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The scope for dietary intervention in general practice is substantial. The three most prevalent conditions for which general practitioners are likely to give dietary advice are hypertension, functional digestive disorders, and ischemic heart disease. As well as clinical diseases, risk factors such as raised plasma cholesterol concentrations also provide opportunities for dietary intervention. But resources are limited. If a general practitioner or nurse spends 5 min of a 10-min consultation on dietary advice, there is 5 min less to spend on the rest of the consultation. Research studies in general practice show that small changes in plasma cholesterol concentrations can be achieved by dietary interventions. Intensive intervention can also influence salt intake to a small extent. However, the most important, potentially cost-effective roles for the general practitioner in health promotion are the legitimization and reinforcement of public health information by brief advice and the distribution of written material. Secondary and tertiary prevention is a priority in general practice and may entail use of drugs, but drugs are not a desirable solution for the unhealthy diets of healthy people.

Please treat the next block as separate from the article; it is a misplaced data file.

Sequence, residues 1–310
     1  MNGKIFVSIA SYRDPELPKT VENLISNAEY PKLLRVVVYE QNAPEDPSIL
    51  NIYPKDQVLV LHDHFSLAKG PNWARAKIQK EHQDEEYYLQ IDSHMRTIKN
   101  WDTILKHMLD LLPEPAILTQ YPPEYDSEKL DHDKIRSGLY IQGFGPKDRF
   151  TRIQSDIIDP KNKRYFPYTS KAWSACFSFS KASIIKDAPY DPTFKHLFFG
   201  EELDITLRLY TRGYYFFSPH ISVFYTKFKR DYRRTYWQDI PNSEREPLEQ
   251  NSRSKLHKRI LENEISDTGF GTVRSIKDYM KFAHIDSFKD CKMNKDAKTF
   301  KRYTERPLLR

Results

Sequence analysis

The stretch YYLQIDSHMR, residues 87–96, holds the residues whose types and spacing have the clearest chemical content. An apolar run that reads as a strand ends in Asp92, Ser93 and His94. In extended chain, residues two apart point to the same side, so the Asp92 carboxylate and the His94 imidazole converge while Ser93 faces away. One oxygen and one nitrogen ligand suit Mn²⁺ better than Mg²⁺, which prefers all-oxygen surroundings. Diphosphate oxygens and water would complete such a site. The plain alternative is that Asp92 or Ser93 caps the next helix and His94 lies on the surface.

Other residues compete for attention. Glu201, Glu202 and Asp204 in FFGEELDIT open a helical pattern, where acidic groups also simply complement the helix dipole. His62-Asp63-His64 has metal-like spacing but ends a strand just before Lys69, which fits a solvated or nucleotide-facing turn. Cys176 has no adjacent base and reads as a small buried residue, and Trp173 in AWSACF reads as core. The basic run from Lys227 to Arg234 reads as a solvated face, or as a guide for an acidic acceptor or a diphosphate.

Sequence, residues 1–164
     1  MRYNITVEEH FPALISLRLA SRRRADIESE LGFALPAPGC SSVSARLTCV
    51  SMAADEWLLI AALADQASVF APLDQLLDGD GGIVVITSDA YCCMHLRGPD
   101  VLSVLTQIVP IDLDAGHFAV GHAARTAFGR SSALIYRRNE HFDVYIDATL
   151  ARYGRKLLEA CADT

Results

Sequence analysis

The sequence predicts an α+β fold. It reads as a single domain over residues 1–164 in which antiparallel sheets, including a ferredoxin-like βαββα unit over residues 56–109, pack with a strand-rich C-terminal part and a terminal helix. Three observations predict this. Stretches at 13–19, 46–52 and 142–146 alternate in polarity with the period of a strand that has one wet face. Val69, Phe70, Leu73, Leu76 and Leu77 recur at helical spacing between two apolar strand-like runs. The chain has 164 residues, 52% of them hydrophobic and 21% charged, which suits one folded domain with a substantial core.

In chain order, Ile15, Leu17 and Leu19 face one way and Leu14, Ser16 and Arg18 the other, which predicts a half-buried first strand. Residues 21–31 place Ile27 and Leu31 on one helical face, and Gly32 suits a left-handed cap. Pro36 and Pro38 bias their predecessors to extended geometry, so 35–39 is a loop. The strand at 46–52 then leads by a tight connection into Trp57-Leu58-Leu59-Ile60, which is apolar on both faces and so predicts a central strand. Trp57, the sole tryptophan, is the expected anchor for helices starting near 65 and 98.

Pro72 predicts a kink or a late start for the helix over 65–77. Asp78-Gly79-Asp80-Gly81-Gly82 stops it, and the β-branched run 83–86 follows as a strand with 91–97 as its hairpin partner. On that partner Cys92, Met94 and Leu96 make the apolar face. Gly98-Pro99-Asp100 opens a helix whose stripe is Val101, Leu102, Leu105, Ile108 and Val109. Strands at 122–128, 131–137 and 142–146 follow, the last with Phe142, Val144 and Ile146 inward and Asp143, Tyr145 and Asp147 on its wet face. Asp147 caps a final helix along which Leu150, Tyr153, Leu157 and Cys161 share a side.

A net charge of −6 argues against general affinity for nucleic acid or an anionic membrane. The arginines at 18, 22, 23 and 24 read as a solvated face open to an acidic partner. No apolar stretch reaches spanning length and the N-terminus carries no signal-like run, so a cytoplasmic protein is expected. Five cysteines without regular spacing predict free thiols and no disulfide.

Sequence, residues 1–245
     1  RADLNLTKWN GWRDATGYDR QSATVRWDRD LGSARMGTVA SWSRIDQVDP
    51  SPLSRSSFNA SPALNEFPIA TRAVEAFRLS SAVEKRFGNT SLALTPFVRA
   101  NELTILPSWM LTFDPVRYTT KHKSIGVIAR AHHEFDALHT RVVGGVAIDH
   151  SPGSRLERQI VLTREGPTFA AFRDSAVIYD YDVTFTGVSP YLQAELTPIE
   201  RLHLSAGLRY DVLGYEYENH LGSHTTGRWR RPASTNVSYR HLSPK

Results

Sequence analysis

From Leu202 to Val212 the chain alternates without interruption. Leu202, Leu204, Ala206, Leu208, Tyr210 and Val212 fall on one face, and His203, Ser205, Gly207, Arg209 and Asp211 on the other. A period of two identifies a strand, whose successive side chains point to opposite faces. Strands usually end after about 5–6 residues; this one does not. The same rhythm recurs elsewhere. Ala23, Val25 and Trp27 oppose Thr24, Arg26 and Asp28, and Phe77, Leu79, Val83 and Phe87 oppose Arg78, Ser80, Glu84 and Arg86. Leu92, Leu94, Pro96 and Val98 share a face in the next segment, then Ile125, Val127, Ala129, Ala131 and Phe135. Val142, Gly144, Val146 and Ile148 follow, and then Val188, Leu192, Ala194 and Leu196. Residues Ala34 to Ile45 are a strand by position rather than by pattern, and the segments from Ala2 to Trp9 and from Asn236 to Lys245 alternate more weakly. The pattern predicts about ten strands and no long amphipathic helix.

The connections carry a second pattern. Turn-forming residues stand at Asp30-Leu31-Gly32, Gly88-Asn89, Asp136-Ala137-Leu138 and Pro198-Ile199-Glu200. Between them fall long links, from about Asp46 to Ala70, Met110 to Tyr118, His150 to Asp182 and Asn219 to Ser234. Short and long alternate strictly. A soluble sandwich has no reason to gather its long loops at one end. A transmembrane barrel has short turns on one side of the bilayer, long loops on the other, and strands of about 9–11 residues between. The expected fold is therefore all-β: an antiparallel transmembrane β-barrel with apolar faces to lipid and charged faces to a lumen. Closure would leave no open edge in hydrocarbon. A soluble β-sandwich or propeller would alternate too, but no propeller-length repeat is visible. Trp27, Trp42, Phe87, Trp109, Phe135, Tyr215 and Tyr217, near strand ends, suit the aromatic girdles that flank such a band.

Type

Journal article

Journal

Am J Clin Nutr

Publication Date

06/1997

Volume

65

Pages

1933S - 1938S

Keywords

Adult, Cost-Benefit Analysis, Counseling, Diet, Dietary Fats, Family Practice, Humans, Hypertension, Middle Aged, Myocardial Ischemia, Nutritional Sciences, Sodium, Sodium Chloride, Dietary, Time Factors